DURBAN, South Africa – There’s a swing towards electrification for many forms of transport but Toyota is developing hydrogen fuel-cell vehicles while also bringing Toyota Group electric vehicles to market.
A major project to develop a heavy duty fuel cell truck is a joint venture by Toyota and its wholly-owned, truck subsidiary, Hino. There’s an image further down the feature.
”The two entities,” Toyota told The Corner, ”have positioned hydrogen as an important energy source and have worked together to develop fuel-cell technology for more than 15 years – our first co-operation created a fuel-cell bus way back in 2003.”
Hino and Toyota say they will continue to partner to accelerate the realisation of an environmentally friendly hydrogen society.
The Hino heavy-duty truck on which the development is based is a 700-Series freight carrier equipped with a large-capacity, high-pressure, hydrogen tank capable of covering about 600km on ad city/highway driving cycle.
That, Toyota believes, will make it ideal for long-distance transport operators which require long distances between fuel stops and the ability to refuel quickly. Fuel-cell trucks running on hydrogen can meet such requirements with zero exhaust emissions.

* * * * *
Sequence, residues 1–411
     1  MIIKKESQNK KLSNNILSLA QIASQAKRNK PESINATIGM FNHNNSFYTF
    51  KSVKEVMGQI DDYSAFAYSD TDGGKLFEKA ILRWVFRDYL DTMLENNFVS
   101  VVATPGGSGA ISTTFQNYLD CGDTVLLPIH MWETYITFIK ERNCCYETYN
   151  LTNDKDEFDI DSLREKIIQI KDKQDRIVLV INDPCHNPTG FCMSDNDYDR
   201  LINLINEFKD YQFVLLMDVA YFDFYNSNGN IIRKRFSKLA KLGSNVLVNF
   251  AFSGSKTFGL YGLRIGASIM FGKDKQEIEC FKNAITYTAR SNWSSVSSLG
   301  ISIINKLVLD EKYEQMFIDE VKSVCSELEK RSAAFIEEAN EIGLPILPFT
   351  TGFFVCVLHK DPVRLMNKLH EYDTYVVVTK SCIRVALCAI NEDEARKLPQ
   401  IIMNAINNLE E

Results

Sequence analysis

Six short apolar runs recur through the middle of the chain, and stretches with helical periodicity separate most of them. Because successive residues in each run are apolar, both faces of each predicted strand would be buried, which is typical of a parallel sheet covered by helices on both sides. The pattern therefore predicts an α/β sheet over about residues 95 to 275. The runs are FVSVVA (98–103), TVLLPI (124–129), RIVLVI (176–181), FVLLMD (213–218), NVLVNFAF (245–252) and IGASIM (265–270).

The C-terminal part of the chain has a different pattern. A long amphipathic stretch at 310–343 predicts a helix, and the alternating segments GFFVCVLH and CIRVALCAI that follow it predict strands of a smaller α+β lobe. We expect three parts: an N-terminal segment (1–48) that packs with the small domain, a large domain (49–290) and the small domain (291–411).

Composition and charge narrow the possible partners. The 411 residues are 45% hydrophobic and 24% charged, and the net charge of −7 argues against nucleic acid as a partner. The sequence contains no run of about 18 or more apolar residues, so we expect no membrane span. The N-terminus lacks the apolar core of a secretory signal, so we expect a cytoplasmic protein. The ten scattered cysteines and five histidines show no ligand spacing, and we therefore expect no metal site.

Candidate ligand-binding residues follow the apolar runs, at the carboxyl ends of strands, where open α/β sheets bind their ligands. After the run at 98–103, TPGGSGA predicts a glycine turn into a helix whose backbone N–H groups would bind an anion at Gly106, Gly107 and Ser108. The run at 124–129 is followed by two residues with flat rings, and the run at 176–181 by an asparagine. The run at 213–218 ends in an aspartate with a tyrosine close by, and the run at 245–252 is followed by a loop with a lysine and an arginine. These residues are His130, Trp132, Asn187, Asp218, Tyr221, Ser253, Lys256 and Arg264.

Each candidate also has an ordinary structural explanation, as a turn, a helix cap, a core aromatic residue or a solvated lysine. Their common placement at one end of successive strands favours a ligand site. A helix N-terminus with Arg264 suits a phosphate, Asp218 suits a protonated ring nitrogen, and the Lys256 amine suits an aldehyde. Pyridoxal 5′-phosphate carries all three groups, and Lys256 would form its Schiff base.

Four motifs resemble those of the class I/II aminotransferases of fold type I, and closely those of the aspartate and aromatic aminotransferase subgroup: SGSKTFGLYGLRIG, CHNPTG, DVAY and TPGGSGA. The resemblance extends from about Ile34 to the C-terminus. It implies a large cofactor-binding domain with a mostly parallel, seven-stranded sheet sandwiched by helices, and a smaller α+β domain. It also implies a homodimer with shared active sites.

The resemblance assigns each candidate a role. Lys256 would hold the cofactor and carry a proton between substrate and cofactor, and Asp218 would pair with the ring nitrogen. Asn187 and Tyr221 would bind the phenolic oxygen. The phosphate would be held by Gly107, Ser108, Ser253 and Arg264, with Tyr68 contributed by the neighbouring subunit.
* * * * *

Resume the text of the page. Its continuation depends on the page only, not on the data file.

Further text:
The development truck has two polymer electrolyte fuel-cell stacks developed for the recently unveiled Mirai passenger car. Electricity is stored in lithium ion batteries and drive the rear wheels through a powerful alternating current (AC) electric motor.
A comprehensive weight-reduction programme will ensure sufficient load capacity.
Hino and Toyota told The Corner they are determined to be proactive in developments that will resolve current global environmental issues.
”We’ve have made it an important corporate objective,” the companies assert. ”Hino’s Environmental Challenge 2050, announced in 2017, includes the aim of cutting average carbon dioxide (CO2) emissions from new trucks and buses by 90% from 2013 levels.”
INTERNAL RESEARCH DATA
Hino says its internal research has shown that heavy-duty trucks account for more than 60% of CO2 emissions from commercial vehicles operating in its home market, Japan.
”This,” the company says, ”has spurred on the joint venture with Toyota.”